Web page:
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Labour hits out at Conservatives over energy bill cap 'U-turn'

3 min read

The Government has been accused of another U-turn after the energy regulator set out plans to extend the energy price cap to fewer households than the Conservative manifesto pledge. 

Ofgem raised a proposal that the limit on gas and electricity bills – which already applies to four million households with pre-payment meters – should cover another 2.6 million low-income families who qualify for the Warm Home Discount scheme.

But it appears to fall well short of the Conservative election pledge to extend the cap to 17 million households.

Shadow Business Secretary Rebecca Long-Bailey accused Theresa May of diluting her commitments.  

“Ofgem's watered down proposals go nowhere near the promise made by the Prime Minister to adopt Labour's principle of a price cap,” she said.

“In the general election, she pledged unequivocally to knock £100 off the bills of 17 million customers but then didn't include the promise in the Queen's Speech.

“After reports that the Prime Minister has been lobbied by senior cabinet members and the big six energy companies to drop the price cap commitment, ministers must tell the British people why they treat fair pricing for energy consumers as such a low priority and if they are going to make yet another U-turn. “

Ofgem had been tasked by Business Secretary Greg Clark with looking at how it could further use its powers to help low-income households after the Government chose against introducing a bill to cap tariffs in last month’s Queen’s Speech.

The Prime Minister’s spokesman today gave a cautious welcome to Ofgem’s announcement – but insisted the possibility of legislation remained on the table.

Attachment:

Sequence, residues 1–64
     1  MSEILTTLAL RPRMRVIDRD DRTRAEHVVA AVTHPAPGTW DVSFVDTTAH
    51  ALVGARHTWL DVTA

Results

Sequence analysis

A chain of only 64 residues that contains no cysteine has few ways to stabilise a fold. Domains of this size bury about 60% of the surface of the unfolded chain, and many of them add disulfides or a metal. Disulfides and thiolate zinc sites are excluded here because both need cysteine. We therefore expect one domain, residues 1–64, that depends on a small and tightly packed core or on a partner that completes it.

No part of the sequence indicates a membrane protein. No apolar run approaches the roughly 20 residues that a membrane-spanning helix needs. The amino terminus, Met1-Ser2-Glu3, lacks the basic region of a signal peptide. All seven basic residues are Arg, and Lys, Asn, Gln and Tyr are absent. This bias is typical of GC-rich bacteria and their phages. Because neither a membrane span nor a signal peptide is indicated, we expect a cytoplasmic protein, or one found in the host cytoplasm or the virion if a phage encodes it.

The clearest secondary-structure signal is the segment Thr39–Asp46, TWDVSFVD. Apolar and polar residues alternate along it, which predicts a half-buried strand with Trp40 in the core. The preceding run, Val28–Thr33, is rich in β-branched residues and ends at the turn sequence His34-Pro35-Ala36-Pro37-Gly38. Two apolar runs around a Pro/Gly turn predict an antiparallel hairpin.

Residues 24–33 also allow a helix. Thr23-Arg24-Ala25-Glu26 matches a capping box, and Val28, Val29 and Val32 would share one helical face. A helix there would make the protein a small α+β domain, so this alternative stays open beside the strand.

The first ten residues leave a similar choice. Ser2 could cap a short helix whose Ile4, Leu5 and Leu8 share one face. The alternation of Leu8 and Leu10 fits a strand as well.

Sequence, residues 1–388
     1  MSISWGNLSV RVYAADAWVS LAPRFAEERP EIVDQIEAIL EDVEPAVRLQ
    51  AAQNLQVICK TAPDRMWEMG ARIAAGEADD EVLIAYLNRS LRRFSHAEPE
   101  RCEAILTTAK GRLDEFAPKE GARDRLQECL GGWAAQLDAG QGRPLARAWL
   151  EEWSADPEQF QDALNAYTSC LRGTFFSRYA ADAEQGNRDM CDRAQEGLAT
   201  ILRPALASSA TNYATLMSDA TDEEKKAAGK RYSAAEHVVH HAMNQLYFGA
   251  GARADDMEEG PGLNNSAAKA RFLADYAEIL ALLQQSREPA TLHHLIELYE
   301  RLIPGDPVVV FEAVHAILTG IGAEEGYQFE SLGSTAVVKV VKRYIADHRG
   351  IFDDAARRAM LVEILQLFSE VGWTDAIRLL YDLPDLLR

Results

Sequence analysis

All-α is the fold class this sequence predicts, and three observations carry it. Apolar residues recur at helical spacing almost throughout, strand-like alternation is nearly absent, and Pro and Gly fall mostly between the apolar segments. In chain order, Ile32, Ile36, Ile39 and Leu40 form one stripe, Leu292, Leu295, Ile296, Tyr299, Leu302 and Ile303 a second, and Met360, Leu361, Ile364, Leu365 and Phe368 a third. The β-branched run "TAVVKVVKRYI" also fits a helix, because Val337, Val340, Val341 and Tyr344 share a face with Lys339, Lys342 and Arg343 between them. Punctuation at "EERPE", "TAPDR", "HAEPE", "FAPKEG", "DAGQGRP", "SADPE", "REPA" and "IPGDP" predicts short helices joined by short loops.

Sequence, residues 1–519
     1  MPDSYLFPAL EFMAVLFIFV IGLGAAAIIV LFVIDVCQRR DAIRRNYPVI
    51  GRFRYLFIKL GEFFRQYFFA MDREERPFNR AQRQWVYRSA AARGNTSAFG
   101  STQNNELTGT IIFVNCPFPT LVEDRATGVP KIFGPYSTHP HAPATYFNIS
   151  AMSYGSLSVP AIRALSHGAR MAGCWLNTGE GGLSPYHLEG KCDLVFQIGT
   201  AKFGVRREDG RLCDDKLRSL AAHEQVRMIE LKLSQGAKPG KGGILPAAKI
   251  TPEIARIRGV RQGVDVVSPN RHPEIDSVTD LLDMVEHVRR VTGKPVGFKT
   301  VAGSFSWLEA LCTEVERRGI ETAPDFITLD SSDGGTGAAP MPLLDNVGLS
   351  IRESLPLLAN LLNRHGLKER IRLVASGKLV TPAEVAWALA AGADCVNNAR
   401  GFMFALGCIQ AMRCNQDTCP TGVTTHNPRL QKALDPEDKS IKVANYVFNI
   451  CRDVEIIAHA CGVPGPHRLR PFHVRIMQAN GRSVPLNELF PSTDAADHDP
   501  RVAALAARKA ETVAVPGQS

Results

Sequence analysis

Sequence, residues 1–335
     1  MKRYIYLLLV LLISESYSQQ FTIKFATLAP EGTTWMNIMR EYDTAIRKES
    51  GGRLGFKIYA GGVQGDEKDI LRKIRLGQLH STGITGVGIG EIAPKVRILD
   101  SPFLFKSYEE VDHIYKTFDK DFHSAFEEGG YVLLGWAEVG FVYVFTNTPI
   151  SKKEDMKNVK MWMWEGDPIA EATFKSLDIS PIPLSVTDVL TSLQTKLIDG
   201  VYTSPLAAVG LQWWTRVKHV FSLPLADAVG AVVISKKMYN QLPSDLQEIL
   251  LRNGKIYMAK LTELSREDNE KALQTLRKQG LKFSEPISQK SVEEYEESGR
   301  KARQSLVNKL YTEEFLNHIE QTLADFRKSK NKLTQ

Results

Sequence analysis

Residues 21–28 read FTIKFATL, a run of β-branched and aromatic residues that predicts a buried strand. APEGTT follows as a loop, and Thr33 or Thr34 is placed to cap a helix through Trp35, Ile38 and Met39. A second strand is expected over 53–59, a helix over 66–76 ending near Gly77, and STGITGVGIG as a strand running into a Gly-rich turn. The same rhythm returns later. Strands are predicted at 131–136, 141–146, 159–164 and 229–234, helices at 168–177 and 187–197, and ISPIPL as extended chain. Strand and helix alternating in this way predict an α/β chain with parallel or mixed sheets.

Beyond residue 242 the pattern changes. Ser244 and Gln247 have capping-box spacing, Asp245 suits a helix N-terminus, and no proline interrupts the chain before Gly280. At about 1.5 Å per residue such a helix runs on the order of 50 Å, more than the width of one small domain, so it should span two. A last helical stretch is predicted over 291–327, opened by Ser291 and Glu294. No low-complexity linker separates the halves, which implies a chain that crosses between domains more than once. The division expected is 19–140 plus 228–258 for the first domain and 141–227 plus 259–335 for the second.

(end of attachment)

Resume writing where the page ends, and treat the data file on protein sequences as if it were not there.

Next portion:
“As we said at the time of the Queen’s Speech, we were looking at the best way of providing protection for people and that we weren’t ruling anything out – whether it is action by the regulator or legislation. That remains the case today,” the spokesman said.

“Ofgem’s response is a step in the right direction. We’ve said we need a better energy market, we’re committed to extending price protection currently in place for some vulnerable energy consumers to more people on the poorest-value tariffs. But we’re not ruling anything out – whether that is action by the regulator or legislation.”

The Conservatives were accused of hypocrisy when they announced plans for the cap – after David Cameron had said a similar policy proposed by Ed Miliband was something from a “Marxist universe”.

In an interview with the Guardian today, Mr Miliband also questioned the influence of the big energy companies after there was no bill announced in the Queen’s Speech.

“When she [Theresa May] said it, the big companies said, ‘Are you joking?’” said the former Labour leader.

“So now it’s: ‘We’re going to have a consultation and maybe not do it.’ This is not just a U-turn followed by a U-turn, it shows Conservatism is quite beached.”

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